CSV File 1 "employees.csv"
# <employee id>;<name>;<location> 1;Anton;37;Geneva 2;Marie;28;Paris 3;Tom;25;London
CSV File 2 "task.csv"
# <task id>;<employee id>;<task description> 1000;2;Setup new Project 1001;3;Call customer X 1002;3;Get package from post officeAnd now some action:
A naive try...
The following command
join employee.csv tasks.csv
... doesn't produce any output. This is because it expects the shared key to reside at the first column in both file, which is not the case. Also the default separator for 'join' is a whitespace.
join -t ";" -1 1 -2 2 employee.csv tasks.csv
We need to run join with '-t ";"' to get tell it that we have CSV format. Then to avoid the pitfall of not having the common key in the first column we need to tell join where the join key is in each file. The switch "-1" gets the key index for the first file and "-2" for the second file.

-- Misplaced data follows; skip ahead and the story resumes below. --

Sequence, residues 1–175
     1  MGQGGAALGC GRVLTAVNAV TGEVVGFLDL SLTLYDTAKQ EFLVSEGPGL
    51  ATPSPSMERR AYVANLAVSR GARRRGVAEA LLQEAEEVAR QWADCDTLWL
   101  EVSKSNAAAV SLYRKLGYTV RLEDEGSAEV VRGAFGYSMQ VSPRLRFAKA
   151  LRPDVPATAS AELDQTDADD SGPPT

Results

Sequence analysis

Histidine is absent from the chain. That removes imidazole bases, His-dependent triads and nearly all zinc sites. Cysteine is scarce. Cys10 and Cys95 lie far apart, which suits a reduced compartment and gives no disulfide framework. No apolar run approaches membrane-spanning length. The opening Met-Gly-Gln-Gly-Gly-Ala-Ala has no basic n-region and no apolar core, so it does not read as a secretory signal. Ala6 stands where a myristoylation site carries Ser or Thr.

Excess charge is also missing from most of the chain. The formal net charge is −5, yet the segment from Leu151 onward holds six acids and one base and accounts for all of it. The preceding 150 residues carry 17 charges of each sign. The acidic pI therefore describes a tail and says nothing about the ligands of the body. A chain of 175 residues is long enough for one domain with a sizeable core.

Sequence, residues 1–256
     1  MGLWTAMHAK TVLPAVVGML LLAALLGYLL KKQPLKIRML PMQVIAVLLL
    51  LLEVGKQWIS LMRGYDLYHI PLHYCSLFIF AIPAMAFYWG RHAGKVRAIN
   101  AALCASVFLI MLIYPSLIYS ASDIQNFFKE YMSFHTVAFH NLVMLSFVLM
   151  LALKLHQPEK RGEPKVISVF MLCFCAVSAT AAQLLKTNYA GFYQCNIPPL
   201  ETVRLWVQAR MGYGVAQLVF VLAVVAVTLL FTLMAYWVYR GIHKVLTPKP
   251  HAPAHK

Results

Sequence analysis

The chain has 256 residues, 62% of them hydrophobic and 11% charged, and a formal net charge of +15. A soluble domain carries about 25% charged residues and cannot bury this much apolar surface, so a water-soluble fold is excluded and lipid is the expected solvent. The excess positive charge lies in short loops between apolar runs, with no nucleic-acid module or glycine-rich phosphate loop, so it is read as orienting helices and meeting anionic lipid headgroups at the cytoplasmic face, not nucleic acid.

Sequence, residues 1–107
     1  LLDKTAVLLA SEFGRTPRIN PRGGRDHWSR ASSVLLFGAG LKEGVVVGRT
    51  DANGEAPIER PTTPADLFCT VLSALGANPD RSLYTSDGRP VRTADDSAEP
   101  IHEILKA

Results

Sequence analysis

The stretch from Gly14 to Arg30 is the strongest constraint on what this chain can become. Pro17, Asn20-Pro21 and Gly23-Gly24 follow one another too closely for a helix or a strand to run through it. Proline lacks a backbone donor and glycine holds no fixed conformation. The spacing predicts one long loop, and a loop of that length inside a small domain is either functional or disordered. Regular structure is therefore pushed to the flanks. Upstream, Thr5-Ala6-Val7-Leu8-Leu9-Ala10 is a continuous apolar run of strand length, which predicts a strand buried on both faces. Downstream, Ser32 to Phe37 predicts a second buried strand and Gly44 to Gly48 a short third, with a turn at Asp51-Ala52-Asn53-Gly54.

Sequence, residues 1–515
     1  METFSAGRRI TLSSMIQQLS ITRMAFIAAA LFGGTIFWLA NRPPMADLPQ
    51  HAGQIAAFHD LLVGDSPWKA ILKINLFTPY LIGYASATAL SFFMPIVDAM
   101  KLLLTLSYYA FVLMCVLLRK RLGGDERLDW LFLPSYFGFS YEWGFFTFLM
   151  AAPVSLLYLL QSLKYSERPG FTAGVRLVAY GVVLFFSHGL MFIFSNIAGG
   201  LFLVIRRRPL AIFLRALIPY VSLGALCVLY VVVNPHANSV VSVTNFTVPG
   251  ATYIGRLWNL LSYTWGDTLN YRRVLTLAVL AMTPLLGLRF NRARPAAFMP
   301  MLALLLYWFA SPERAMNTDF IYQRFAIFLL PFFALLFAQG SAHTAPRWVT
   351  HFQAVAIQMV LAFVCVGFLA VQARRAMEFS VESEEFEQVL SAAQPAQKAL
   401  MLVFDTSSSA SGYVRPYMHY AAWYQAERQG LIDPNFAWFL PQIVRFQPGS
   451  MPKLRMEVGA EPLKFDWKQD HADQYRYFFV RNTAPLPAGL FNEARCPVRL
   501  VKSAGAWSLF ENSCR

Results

2;Marie;28;Paris;1000;Setup new Project 3;Tom;25;London;1001;Call customer X 3;Tom;25;London;1002;Get package from post office
Print only name and task
join -o1.2,2.3 -t ";" -1 1 -2 2 employee.csv tasks.csv
We use "-o" to limit the fields to be printed. "-o" takes a comma separated list of "<file nr>.<field nr>" definitions. So we only want the second file of the first file (1.2) and the third field of the second file (2.3)...
Marie;Setup new Project Tom;Call customer X Tom;Get package from post office
While the syntax of join is not that straight forward, it still allows doing things quite quickly that one is often tempted to implement in a script. It is quite easy to convert batch input data to CSV format. Using join it can be easily grouped and reduced according to the your task.
If this got you interested you can find more and non-CSV examples on this site.